As the tagline promises, I’ve created this blog as a repository for ideas related to writing, Scouting, and writing on Scouting. I talk about the books I sell at EagleBook.com, my other Scouting-related writing projects, and other items of interest. I hope you find the blog of interest. If you have ideas to share, just post a comment on the About page.
Money-earning projects are all around us. The pages of Scouting magazine feature scads of ads from fundraising companies, district executives tout popcorn as a surefire money-maker, and the troop down the street is already making plans to set up its Christmas tree stand in a vacant lot.
And Scouts aren’t the only ones hustling for a buck. Even as I write these words, school kids are bringing home shiny new textbooks and fundraising forms. And Girl Scout cookie sales kick off in just a few months.
In other words, there are lots of ways to raise funds for Scouting and other worthwhile programs. You can sell products or offer services. You can take pre-orders or have show-and-sell days at the local grocery store. You can host pancake breakfasts or hold auctions. All of those techniques have the potential to be effective.
But there’s one fundraising technique that’s guaranteed to be ineffective–or at least inefficient: selling to your troop families. If troop parents are the ones buying most of the popcorn or chocolate bars or Christmas trees, you’re wasting your time and not making as much money as you would if you simply asked them to pay a little more for troop activities. Fundraising expenses–the cost of products and the profit that goes to the fundraising vendor–are acceptable when you’re raising money from outside the troop. But if you’re robbing Peter to pay Peter Jr., you’re probably going about your fundraising the wrong way.
A few months ago I published a post entitled “This Ain’t Graduation.” The idea was to emphasize that an Eagle court of honor is not the same thing as a graduation ceremony. Whether the honoree has just turned 13 or just turned 18, becoming an Eagle Scout shouldn’t be the last thing he does in Scouting. And the court of honor should help point him toward what his next thing in Scouting is.
But that’s not the only area of confusion I often hear about. Many Scouters and parents inadvertently turn courts of honor into coronations, placing honorees on so high a pedestal that they’re likely to get nosebleeds. While it’s important to celebrate the accomplishments of new Eagle Scouts–after all, only five percent of Scouts make it this far–the ceremony should be more of a commissioning than a coronation, pointing as much toward the future as it does toward the past.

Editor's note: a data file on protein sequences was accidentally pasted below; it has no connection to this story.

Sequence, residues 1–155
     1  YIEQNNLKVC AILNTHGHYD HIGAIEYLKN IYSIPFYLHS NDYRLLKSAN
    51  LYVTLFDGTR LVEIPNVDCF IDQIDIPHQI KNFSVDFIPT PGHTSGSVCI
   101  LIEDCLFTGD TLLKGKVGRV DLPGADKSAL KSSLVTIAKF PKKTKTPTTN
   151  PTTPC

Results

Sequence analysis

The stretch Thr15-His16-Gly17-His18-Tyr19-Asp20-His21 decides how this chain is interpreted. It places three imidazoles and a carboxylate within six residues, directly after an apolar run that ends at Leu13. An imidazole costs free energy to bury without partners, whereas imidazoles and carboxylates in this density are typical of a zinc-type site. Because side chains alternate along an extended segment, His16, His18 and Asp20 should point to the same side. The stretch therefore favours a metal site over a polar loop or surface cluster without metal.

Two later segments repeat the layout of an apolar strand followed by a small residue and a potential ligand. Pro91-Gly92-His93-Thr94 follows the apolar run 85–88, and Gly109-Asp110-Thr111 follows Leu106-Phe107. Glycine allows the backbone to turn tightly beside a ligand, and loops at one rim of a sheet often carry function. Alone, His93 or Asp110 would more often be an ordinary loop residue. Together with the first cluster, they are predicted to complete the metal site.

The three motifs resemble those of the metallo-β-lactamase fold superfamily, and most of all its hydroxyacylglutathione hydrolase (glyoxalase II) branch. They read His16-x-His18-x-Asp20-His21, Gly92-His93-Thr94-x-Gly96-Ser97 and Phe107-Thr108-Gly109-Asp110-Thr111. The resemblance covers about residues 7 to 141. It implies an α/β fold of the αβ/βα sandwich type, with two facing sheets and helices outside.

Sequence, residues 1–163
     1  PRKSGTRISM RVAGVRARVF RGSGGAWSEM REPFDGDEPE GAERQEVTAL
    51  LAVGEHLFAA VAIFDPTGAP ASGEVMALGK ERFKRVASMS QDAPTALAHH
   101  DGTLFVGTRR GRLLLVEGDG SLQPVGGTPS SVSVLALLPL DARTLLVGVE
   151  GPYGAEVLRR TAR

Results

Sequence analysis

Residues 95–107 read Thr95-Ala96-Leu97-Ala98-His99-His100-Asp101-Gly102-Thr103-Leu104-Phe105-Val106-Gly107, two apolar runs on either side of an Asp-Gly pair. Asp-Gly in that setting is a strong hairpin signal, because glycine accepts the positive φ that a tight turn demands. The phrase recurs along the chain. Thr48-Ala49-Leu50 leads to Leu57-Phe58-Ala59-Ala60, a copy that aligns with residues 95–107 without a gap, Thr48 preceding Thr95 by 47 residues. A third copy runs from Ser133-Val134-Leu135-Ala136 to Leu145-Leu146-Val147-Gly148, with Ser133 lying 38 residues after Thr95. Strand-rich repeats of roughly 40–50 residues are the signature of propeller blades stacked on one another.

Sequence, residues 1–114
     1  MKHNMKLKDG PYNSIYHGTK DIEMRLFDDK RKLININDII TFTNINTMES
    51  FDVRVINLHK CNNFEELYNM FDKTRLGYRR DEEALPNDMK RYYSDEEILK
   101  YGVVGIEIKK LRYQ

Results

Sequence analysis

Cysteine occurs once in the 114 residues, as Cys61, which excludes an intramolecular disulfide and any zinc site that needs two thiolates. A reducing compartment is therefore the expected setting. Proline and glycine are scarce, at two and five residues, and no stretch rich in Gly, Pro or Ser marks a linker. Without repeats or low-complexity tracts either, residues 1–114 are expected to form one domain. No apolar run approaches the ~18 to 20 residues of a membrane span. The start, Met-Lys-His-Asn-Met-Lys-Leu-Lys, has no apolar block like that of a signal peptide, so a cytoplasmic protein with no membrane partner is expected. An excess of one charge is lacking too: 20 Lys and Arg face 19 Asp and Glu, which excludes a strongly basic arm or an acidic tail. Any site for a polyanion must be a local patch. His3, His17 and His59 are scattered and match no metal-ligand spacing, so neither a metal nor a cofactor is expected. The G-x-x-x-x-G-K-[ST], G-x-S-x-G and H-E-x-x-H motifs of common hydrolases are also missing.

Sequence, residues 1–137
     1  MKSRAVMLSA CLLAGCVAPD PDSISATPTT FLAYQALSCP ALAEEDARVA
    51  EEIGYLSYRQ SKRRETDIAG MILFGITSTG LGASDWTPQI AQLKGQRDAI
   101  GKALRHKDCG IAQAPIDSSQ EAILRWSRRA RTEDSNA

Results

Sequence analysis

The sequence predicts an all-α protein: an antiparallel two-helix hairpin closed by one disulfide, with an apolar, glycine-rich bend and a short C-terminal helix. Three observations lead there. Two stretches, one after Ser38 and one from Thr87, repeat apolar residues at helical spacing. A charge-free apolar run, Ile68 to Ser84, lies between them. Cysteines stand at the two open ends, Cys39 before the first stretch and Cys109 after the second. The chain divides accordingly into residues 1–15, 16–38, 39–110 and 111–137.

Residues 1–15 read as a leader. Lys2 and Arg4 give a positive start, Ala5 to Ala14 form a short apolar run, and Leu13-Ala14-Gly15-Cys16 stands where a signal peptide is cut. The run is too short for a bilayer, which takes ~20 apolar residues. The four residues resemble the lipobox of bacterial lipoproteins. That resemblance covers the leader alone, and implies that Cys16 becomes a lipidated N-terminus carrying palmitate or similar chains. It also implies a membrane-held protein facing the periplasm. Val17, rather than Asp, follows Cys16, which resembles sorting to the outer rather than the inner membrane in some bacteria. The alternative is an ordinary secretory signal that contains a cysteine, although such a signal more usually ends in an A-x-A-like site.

Besides sending the wrong message, “coronations of honor” can be off-putting to many honorees. A Scout who’s naturally introverted or who has bought into the concept of servant leadership may feel quite uncomfortable being the center of attention–even to the point of not wanting to have a court of honor at all.
So celebrate your Scout’s accomplishments and give him lots of accolades. Just don’t give him a crown.
A good Scout is trustworthy, but a good Scouter is not above stealing–stealing ideas, that is. No, your BSA membership card is not a get-out-of-jail-free card! As the Bible says (in Ecclesiastes 1:9), “What has been will be again, what has been done will be done again; there is nothing new under the sun.“
One of the best places to steal ideas is your district roundtable, where you can learn about innovative meeting ideas and great outing destinations in your area. Online forums and Scouting magazine articles can help you learn from Scouters from across the country and around the world. And if you’re looking for creative service project ideas, look no farther than the winners of the Glenn A. and Melinda W. Adams National Eagle Scout Service Project of the Year Award. (Follow the link to find thumbnail descriptions of six years’ worth of winners.)
But your stealing shouldn’t stop in Scouting. Groups from schools to Sunday schools to sports leagues have great ideas for engaging young people and their families, ideas that you could easily adapt in your troop. For example, at this time of year many private and parochial schools post signs on the lawns of their new students, welcoming them to the school family. It’s a simple gesture, but it shows that the school cared enough to send a volunteer out on the first day of school. Imagine if your troop did the same thing each time a Scout joined … or if a veteran parent invited each new parent out for coffee and a chat about the value of Scouting … or if you created Scout trading cards like the baseball cards Little League teams produce at the start of each season … or if you replicated that killer fundraiser that your sister’s church’s youth group has been doing for years.
Remember: You’re only as successful as the ideas you steal!
The most powerful Eagle courts of honor are more about the future than the past. Yes, they celebrate what their honorees have accomplished, but they also point the way to how those young men will continue to serve in the future.